Child reading. Photo credit: Bigbubblebee99 Shutterstock CNA
Mainz, Germany, Apr 11, 2017 CNA/EWTN News.- In August 2013, a group of 20 police officers and social workers stormed the home of Petra and Dirk Wunderlich and took away their children.
Their offense: homeschooling.
The Wunderlich’s children were returned to them, but their legal situation remains precarious, as the German government continues to criminally punish families who homeschool with fines or even imprisonment.
Homeschooling has been illegal in Germany since 1918, though in recent years the policy has raised questions and concerns with human rights groups who say it is an infringement on the right to family life.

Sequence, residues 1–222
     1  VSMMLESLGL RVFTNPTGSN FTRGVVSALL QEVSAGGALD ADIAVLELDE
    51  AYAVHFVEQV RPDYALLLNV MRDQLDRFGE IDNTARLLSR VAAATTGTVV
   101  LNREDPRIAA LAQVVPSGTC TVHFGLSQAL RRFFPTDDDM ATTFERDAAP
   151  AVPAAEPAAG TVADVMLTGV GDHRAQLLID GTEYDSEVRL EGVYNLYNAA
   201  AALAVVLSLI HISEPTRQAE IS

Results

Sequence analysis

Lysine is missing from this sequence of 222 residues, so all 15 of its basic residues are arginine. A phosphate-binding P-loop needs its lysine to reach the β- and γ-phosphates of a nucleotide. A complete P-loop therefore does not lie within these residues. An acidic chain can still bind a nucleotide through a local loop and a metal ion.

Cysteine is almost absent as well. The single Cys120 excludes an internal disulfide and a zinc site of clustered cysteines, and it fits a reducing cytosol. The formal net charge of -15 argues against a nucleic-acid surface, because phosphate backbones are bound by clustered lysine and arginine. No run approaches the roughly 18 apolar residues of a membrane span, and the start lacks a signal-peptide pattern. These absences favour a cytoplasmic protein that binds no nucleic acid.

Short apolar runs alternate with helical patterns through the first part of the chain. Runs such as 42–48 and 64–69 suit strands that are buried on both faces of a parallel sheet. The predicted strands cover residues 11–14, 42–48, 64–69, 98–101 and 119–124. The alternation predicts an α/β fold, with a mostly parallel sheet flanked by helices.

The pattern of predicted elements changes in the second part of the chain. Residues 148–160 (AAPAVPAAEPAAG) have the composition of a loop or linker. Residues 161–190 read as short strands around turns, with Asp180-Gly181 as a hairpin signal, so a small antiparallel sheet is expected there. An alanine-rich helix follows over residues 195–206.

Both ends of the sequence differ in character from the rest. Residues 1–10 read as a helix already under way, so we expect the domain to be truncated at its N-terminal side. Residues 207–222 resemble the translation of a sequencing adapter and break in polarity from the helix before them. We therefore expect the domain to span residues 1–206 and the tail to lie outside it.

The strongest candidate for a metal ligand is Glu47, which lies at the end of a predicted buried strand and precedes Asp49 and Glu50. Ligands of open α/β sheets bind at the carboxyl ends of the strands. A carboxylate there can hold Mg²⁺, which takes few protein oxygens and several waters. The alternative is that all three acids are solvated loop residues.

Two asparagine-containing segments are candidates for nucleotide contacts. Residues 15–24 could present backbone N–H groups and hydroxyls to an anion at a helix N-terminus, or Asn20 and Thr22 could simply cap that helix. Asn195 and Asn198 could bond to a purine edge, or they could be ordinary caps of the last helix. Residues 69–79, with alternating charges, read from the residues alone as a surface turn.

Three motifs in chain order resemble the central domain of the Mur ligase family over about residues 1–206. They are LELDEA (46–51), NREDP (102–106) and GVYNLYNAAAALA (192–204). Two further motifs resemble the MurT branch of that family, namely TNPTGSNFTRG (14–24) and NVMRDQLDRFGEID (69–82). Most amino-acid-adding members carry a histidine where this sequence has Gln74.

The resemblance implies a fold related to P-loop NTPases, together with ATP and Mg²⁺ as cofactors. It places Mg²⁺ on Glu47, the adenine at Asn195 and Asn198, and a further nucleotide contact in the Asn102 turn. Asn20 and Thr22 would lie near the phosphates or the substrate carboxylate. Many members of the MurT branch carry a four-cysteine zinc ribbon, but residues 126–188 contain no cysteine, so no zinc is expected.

The European Court of Human Rights has agreed to review the Wunderlichs' case and to look at whether Germany’s actions breached the right to family life, which is protected under Article 8 of the European Convention on Human Rights. The court ruled in 2006 that there is no right to homeschooling.
“I sincerely hope the European Court of Human Rights will reaffirm that the state has no right to abduct children from their family just because they are being home-schooled,” Dirk Wunderlich, the father of the family, told legal group Alliance Defending Freedom.